Lady Choi tosses him a seal that’ll grant him access to Suribang.

Eun-soo paces Ki Chul’s estate, working through her thoughts about Young, perhaps ready to reevalute. She flashes back to a recent encounter:

At night, Chun Eum-ja practices his flute-playing, warning Eun-soo not to step in front of him. He hasn’t fine-tuned his powers enough for pinpoint precision, but he can direct them forward.

Eum-ja tells her that Choi Young won’t be able to escape the death note in prison, but that she is to instruct him whether she’d like him killed ore spared. She asks if Ki Chul will really honor her request, and hears that it’s the opposite: If she wants him killed, he’ll be spared, and vice versa. Riiight. This is contrary Ki Chul we’re talking about, after all.


Eun-soo storms into Ki Chul’s chamber to protest (falling off his desk in an attempt to assume a haughty demeanor), upset that he’s toying with people’s lives. He tells her that he’s trying to win her heart, and if it’s his, she wouldn’t care if Young lived or died. So: Does she care?

Ki Chul points to an elaborate white robe and dress he had prepared, for her to wear “if I can have your heart.” Glaring, Eun-soo tells him that Choi Young kidnapped her: “Whether he’s killed or saved, I’ll do it with my own hands.” She warns him not to mess with Choi Young, swearing on heaven that she won’t let him get away with it.

She storms out, but pauses to snatch the white clothing from its hanger.


It’s the clothes she wears now, although tellingly, she looks pensively at a patch of yellow flowers like the one she gave Young. When Ki Chul finds her here, she demands to know if she’s being held prisoner, what with all the guards blocking her path.

He answers her question by asking a question, and she retorts that she was first: “What, do you think you look cool that way?” He doesn’t understand her slang, and she mutters, “Ah, I keep slipping into heaven-speak.” HAHA. So modern slang words are a heavenly tongue now?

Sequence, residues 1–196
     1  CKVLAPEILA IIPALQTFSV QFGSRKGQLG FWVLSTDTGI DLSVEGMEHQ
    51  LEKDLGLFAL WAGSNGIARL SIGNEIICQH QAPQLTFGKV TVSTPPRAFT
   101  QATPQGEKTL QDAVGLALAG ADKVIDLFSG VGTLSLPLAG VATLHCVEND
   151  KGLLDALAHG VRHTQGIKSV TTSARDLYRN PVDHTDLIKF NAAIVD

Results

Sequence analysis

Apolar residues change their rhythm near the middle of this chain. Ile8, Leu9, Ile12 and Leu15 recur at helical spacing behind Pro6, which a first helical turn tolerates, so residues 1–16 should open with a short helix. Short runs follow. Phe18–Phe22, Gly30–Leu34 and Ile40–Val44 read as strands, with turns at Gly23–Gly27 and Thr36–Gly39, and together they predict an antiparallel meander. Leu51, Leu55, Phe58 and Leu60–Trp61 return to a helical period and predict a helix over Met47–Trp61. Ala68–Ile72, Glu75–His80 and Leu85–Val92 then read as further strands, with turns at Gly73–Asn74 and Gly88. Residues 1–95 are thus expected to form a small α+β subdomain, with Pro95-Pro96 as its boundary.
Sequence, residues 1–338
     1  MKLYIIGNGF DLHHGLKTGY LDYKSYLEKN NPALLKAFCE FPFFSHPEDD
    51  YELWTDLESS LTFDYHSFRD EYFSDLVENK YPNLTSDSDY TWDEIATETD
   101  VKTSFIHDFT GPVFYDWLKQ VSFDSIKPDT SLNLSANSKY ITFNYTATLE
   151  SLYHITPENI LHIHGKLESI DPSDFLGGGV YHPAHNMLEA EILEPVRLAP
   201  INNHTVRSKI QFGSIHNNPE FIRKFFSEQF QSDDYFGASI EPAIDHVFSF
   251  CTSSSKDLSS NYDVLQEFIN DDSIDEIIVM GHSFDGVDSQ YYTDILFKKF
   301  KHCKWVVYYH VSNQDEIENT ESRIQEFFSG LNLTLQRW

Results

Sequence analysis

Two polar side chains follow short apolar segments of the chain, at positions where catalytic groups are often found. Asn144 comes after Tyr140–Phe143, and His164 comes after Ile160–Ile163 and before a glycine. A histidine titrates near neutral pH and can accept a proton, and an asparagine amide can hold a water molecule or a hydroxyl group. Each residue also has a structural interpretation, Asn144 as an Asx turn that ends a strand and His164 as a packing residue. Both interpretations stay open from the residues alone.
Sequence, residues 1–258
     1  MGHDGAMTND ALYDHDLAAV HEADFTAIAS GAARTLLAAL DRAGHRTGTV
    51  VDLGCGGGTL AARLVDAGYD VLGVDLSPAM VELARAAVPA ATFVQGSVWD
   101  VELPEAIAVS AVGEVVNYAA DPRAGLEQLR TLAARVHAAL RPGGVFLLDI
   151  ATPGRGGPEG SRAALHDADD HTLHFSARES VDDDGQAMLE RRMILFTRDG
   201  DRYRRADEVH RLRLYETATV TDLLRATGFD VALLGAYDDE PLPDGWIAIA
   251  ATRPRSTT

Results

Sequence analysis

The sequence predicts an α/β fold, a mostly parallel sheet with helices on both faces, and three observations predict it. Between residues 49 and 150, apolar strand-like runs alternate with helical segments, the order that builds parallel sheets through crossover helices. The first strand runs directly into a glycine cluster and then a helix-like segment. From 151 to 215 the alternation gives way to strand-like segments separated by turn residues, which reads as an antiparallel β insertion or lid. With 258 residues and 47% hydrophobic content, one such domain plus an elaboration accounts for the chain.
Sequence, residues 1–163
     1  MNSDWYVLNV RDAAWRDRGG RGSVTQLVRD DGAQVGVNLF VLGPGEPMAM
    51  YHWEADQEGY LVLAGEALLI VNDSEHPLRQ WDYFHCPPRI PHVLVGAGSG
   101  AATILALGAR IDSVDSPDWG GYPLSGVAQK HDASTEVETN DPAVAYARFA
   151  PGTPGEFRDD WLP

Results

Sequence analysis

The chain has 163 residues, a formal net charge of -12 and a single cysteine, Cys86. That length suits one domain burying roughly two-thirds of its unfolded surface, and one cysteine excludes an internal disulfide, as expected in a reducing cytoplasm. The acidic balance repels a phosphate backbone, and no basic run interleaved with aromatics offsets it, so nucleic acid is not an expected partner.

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He tells her she can’t leave, which prompts a litany of complaints. How is she expected to give her heart when she’s locked up?

Ki Chul asks if she wants to make a deal. He presents her with a map, reminding her that she said Yuan is nearing its collapse. He asks if she can point out on the map which country will rise up in its place, and how large it will span. With the help of the one who sees the future, he intends to “build a grand new world.”

Eun-soo hedges, saying she’s not that good with national or world history, adding that history isn’t something you can (or should) change so readily. If you mess with something now, the future could go terribly wrong.

He asks what kind of future awaits Goryeo. Eun-soo says it’s not called Goryeo, and in fact it becomes smaller than the current nation because it divides in two.

He wants to know which nation prevails—who should he side with? Then he’ll be able to make the nation strong and powerful. If she tells him, he’ll place her at the highest seat, next to him.

It’s not totally infeasible to find his speech charismatic, because he speaks of the good of the country and its people, and she can see how powerful he is. Not that she should side with him, of course, but temptation isn’t completely out of the question.

Choi Young arrives at Ki Chul’s gate to reclaim what’s his. I love how he ignores Hwasuin with her come-hither stare; she’s totally lusting after him, not that I blame her, but it always makes me laugh since his reaction to her basically amounts to an eyeroll, preferring to deal with Eum-ja instead.

Eun-soo wrestles with how to respond and how much—she asks what he’d do if, hypothetically, she weren’t really from heaven and didn’t know the future. Ki Chul says that would make her a wicked thing who toyed with him. Is that what she is?

Before she can reply, Choi Young is announced. Eun-soo beelines for the door, intent on speaking with him, and Ki Chul accompanies her out.